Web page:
An HIV diagnosis can be a bitter pill to swallow. And so are most HIV treatments. To improve treatment adhesion, existing drug Dolutegravir will soon come in a strawberry-flavored, dissolvable tablet.
This news is groundbreaking for children and infants living with HIV. The World Health Organization (WHO) reports more than 160,000 new cases of HIV in children every year. Most of these children are infected at birth or through breastfeeding.
Traditionally, children with HIV are difficult to treat due to the nature of the medication. Many HIV drugs are bitter tablets that are difficult to swallow or are syrups that need refrigeration. These characteristics make it difficult to keep and to administer to children who need it.
Dolutegravir, also known as Tivicay, is a first-line medication for HIV. The drug is just one of many antiretroviral treatments (ARTs) available to HIV patients. Physicians typically prescribe a regimen of three different HIV drugs from varying classes.
According to Definitive Healthcare data, physicians prescribed Dolutegravir more than 298,700 times in 2019 - enough for 9.2 million days of treatment. Tivicay is the fifth most prescribed drug for HIV treatment. The new dissolvable formulation will likely bump Tivicay higher up the list in 2021 as physicians prescribe it to HIV+ children. However, it probably won't outseat Truvada, the most-prescribed HIV treatment. Physicians prescribed Truvada more than 646,000 times in 2019.
How many people are affected by HIV?
Physicians reported more than 1.6 million HIV diagnoses in 2019 according to Definitive Healthcare data. These diagnoses cover all reports of HIV across provider types.
The new Tivicay (Dolutegravir) formulation targets infants more than one month old. It is difficult to pinpoint just how many infants and children in the U.S. are diagnosed with HIV every year due to restrictions around medical records of minors.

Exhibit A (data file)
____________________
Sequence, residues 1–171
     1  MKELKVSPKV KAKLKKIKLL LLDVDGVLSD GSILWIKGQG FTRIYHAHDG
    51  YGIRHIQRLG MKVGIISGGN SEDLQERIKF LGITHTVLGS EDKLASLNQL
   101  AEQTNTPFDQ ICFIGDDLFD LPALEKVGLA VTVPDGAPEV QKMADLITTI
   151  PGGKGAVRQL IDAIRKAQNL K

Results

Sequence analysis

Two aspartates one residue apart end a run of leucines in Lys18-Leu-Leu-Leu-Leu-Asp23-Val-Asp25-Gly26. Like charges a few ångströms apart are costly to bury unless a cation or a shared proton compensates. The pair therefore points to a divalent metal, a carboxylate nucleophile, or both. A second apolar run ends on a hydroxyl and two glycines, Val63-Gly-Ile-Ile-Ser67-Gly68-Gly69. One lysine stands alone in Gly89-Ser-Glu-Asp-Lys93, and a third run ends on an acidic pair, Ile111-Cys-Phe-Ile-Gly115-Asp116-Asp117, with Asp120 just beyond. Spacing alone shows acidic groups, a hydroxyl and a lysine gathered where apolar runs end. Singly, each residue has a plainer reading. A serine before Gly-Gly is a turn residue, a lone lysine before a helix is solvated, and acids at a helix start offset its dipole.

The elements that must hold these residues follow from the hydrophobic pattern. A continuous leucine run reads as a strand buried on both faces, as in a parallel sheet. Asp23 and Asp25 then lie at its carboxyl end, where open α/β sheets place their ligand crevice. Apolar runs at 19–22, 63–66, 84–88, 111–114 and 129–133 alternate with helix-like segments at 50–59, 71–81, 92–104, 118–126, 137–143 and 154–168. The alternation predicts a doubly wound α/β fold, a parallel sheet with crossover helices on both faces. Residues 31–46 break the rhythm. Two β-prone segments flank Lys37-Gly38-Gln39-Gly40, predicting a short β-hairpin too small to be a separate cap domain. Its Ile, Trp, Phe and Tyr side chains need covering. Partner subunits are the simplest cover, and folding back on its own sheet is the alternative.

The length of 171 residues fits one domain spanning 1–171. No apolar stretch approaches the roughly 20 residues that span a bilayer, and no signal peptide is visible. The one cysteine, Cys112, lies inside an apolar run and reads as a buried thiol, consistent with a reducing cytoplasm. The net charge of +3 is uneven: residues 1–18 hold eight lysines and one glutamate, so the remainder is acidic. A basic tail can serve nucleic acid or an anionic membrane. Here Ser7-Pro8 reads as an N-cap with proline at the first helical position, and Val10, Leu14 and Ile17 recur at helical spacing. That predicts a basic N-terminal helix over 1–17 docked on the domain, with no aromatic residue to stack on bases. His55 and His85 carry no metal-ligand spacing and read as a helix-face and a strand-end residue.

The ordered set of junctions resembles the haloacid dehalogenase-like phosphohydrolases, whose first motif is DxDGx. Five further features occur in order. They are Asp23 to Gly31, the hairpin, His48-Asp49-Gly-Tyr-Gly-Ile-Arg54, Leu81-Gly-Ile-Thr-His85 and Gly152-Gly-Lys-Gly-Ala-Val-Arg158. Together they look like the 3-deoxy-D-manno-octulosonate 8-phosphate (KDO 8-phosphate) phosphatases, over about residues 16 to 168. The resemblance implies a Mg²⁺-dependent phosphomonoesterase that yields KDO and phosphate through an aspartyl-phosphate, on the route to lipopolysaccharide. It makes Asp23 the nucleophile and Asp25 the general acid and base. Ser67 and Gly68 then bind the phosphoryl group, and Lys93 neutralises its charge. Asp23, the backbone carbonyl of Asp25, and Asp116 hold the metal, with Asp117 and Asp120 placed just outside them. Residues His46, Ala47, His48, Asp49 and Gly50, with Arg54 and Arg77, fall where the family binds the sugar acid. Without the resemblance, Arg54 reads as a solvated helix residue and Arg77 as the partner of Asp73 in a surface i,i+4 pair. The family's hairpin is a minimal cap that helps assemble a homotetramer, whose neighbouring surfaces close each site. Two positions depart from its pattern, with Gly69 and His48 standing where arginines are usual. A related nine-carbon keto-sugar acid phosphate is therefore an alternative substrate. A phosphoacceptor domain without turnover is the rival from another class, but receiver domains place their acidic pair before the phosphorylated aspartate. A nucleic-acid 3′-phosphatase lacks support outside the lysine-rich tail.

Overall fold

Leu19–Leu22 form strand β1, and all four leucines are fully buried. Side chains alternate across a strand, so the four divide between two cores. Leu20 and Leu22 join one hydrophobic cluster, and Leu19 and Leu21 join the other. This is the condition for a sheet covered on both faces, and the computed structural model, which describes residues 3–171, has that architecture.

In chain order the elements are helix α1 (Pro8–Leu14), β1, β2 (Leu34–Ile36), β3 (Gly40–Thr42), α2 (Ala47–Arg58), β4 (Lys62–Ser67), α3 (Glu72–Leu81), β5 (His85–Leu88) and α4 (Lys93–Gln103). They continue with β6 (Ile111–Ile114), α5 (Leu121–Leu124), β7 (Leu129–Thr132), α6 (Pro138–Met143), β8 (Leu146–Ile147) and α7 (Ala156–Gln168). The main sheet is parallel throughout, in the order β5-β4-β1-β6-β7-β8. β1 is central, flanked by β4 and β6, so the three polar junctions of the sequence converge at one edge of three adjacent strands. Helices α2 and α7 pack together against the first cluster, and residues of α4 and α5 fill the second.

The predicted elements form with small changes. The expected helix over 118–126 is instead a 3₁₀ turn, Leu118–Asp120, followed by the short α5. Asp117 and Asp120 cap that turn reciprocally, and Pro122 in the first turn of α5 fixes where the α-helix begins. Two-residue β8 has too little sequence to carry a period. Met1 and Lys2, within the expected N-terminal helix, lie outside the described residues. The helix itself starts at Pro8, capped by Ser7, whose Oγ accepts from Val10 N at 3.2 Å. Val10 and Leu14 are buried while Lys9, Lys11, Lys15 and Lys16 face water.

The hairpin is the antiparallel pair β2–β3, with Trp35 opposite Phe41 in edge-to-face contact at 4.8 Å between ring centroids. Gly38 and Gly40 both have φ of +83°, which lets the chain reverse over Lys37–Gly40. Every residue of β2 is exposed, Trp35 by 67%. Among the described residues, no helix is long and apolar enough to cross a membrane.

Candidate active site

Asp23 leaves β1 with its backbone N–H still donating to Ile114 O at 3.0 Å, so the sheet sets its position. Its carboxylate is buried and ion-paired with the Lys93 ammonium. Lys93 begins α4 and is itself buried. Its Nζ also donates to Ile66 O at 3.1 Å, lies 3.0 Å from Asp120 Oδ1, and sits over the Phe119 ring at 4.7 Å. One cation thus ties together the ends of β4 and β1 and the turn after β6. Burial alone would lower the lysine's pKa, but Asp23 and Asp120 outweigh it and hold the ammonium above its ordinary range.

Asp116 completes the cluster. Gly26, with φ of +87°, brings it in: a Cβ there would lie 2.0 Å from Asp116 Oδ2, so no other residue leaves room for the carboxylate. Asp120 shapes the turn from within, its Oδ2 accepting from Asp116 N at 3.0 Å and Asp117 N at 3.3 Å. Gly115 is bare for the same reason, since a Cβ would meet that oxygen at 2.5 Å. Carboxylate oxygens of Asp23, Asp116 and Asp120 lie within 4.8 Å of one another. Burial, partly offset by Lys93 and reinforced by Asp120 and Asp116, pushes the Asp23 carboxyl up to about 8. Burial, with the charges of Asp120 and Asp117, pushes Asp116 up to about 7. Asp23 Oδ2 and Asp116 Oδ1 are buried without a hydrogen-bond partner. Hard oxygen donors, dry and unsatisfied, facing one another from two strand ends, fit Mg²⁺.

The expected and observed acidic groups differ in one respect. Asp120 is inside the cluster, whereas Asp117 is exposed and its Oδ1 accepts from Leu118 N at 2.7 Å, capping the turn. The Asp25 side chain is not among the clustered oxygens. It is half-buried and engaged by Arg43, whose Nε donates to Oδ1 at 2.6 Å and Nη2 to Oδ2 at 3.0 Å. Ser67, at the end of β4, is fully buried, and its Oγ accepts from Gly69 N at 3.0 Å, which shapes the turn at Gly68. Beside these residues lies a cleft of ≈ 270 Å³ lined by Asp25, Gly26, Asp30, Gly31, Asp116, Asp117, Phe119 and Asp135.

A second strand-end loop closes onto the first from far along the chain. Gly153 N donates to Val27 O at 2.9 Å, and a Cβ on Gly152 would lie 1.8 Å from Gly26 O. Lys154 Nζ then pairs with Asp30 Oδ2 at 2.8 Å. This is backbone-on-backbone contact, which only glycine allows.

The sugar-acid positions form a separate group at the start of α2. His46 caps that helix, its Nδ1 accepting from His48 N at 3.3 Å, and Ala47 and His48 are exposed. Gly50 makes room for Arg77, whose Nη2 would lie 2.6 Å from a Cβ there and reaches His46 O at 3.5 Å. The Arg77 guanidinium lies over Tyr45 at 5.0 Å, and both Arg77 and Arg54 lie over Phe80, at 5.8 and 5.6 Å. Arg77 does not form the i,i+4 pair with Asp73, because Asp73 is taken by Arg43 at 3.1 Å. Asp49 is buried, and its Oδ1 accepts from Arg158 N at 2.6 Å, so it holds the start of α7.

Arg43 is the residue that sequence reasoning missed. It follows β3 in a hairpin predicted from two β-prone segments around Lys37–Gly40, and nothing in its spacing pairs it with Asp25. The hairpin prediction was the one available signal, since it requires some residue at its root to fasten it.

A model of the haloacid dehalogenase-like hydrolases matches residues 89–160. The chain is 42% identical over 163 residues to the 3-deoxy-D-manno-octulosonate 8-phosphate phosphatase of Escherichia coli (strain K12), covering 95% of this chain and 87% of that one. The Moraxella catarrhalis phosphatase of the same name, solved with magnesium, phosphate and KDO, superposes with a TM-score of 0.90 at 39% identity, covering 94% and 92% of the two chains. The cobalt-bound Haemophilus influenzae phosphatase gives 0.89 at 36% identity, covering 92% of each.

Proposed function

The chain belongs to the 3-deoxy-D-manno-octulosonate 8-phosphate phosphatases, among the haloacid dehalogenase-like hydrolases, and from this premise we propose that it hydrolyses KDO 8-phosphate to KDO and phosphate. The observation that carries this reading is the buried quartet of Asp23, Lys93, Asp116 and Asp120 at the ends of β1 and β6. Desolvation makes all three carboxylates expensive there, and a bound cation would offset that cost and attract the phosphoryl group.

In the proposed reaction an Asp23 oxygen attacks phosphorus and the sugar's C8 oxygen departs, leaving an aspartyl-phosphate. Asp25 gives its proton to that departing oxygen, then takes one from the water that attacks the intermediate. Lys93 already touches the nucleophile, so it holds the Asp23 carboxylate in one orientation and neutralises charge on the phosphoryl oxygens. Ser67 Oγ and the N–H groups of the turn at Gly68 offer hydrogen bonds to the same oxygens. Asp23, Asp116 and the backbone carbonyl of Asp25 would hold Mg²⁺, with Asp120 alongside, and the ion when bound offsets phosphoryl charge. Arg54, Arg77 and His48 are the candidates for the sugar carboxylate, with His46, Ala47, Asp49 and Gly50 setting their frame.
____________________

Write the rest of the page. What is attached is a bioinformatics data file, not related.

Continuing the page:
We are able to identify a subset of this population through their parents. In this case, we can identify the number of pregnancy complications due to HIV. Because HIV is often passed from parent to child during birth or breastfeeding, it is likely that many of these cases will result in a child with HIV.
States with the highest volumes of HIV-related pregnancy complications
New York: 2,636
Fig 1. Diagnosis data is from Definitive Healthcare’s Medical Claims database. Commercial claims data is from multiple medical claims clearinghouses in the United States. Data is updated monthly. HIV-related pregnancy complications found using ICD-10 codes beginning with “O9871”, which includes reports of complications in the first, second, third, or unspecified trimesters. Claims data covers calendar year 2019. Accessed December 11, 2020.
Populations with the highest risk of contracting HIV
After men, Black heterosexual women are at the highest risk of contracting HIV. According to Definitive Healthcare data, physicians reported 16,570 cases of HIV complicating pregnancy in 2019.
States with the highest volumes of HIV diagnoses
New York: 356,670
Fig 2. Diagnosis data is from Definitive Healthcare’s Medical Claims database. Commercial claims data is from multiple medical claims clearinghouses in the United States. Data is updated monthly. HIV diagnoses found using ICD-10 code B20, “Human immunodeficiency virus [HIV] disease.” Claims data covers calendar year 2019. Accessed December 11, 2020.
As you can see above, HIV diagnoses are centered in New York. This is probably not a surprise considering New York City’s large and very diverse population. HIV is most common among gay and bisexual men — especially Black and Latino men. The New York City metropolitan area has one of the largest LGBTQ populations in the country. It also has one of the highest for LGBTQ population density.
New York, Florida, and Texas all ranked among the highest for both volume of HIV diagnoses and HIV-related pregnancy complications. This is not unexpected — all three of these states report large and racially diverse populations.
Alanna Moriarty is a healthcare industry writer and content strategist. As the Content Marketing Manager for Definitive Healthcare, she most enjoys connecting the dots between data and care delivery. ...